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Hoffmann, R. A wiki for the life sciences where authorship matters. Nature Genetics (2008)
 
 
 
 
 

Chronic treatment with the monoamine oxidase inhibitor phenelzine increases hypothalamic-pituitary-adrenocortical activity in male C57BL/6 mice: relevance to atypical depression.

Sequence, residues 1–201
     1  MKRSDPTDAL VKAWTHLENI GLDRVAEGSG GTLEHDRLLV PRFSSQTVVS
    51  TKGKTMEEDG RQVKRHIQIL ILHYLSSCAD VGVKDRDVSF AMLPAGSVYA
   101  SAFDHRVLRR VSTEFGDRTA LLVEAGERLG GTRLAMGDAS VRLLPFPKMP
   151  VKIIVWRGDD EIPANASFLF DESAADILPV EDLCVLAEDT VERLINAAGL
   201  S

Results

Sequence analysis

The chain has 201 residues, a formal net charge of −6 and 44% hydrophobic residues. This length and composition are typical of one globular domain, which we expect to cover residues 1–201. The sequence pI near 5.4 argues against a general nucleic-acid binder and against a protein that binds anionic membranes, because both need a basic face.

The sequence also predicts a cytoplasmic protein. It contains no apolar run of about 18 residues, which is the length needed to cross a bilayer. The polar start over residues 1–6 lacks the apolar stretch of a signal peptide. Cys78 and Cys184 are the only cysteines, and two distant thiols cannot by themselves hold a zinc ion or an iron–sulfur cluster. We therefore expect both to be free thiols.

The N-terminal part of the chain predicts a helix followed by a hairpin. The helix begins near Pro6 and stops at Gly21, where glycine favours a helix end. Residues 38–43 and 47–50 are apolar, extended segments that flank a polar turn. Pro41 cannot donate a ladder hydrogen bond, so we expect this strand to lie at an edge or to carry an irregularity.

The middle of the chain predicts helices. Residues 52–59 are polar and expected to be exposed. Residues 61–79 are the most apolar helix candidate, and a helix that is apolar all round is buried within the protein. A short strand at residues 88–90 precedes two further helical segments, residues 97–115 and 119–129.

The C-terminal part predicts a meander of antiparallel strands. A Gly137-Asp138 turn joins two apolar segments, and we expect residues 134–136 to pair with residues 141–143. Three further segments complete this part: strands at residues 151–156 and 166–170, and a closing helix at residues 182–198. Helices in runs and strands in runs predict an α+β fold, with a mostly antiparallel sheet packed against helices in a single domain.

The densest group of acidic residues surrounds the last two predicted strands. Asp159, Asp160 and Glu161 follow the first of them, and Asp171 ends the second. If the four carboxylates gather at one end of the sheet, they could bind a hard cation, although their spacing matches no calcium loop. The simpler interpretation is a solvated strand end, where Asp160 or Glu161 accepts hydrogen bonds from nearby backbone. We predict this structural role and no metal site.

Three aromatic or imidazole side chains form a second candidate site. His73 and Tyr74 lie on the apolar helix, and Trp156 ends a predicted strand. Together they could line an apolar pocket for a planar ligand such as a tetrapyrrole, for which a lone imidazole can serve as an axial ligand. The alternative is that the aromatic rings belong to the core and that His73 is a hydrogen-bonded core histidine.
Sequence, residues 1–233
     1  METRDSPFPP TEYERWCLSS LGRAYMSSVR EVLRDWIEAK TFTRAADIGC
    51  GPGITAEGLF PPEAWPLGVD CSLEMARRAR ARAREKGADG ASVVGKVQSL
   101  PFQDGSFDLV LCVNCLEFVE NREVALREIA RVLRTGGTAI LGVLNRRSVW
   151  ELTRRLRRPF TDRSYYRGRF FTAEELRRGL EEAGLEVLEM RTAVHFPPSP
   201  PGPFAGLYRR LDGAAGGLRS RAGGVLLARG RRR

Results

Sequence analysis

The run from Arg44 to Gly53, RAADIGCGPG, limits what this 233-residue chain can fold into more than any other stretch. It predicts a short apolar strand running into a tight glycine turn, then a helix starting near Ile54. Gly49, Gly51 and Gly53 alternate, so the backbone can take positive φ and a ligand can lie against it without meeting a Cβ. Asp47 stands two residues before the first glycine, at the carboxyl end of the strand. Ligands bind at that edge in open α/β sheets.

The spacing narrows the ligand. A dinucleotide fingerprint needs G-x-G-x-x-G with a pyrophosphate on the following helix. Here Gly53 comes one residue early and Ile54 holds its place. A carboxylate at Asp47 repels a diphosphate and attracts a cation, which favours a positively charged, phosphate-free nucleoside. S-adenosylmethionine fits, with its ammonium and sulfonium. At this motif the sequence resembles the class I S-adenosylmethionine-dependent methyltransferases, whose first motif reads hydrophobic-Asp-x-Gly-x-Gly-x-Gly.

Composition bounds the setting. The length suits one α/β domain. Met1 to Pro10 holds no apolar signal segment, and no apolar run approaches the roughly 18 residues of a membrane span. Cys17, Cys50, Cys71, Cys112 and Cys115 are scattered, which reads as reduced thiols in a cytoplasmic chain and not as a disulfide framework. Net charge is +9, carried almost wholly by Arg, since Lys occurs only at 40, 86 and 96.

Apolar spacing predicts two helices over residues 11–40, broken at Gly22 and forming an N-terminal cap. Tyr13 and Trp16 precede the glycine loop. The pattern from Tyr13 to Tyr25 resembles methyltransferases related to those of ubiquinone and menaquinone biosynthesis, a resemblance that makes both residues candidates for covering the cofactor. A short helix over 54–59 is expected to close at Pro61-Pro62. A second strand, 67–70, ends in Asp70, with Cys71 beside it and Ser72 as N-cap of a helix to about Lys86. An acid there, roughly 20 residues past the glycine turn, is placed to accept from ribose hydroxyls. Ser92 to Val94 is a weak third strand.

Atypical depression has been linked to low hypothalamic-pituitary-adrenocortical axis activity and exhibits physical and affective symptoms resembling those of glucocorticoid deficiency. Because atypical depression has also been defined by preferential responsiveness to monoamine oxidase inhibitors (MAO-I), we hypothesized that MAO-I reverse these abnormalities by interfering with glucocorticoid feedback and increasing hypothalamic-pituitary-adrenocortical activity. To test this hypothesis, we measured plasma hormones and ACTH secretagogue gene expression in male C57BL/6 mice treated chronically with saline vehicle or phenelzine, a representative MAO-I. Changes in glucocorticoid feedback were evaluated using adrenalectomized (ADX) mice with and without corticosterone replacement. Antidepressant efficacy was confirmed by decreased immobility during forced swim testing. Phenelzine significantly increased circadian nadir and postrestraint plasma corticosterone levels in sham-operated mice, an effect that correlated with increased adrenocortical sensitivity to ACTH. Phenelzine increased circadian nadir, but not poststress ACTH in ADX mice, suggesting that phenelzine augmented corticosterone secretion in sham-operated mice by increasing stimulation and decreasing feedback inhibition of hypothalamic-pituitary activity. Consistent with the latter possibility, phenelzine significantly increased plasma ACTH and paraventricular hypothalamus CRH mRNA in ADX, corticosterone-replaced mice. Phenelzine did not increase paraventricular hypothalamus CRH or vasopressin mRNA in ADX mice lacking corticosterone replacement. We conclude that chronic phenelzine treatment induces sustained increases in glucocorticoids by impairing glucocorticoid feedback, increasing adrenocortical responsiveness to ACTH, and increasing glucocorticoid-independent stimulation of hypothalamic-pituitary activity. The resulting drive for adrenocortical activity could account for the ability of MAO-I to reverse endocrine and psychiatric symptoms of glucocorticoid deficiency in atypical depression.[1]

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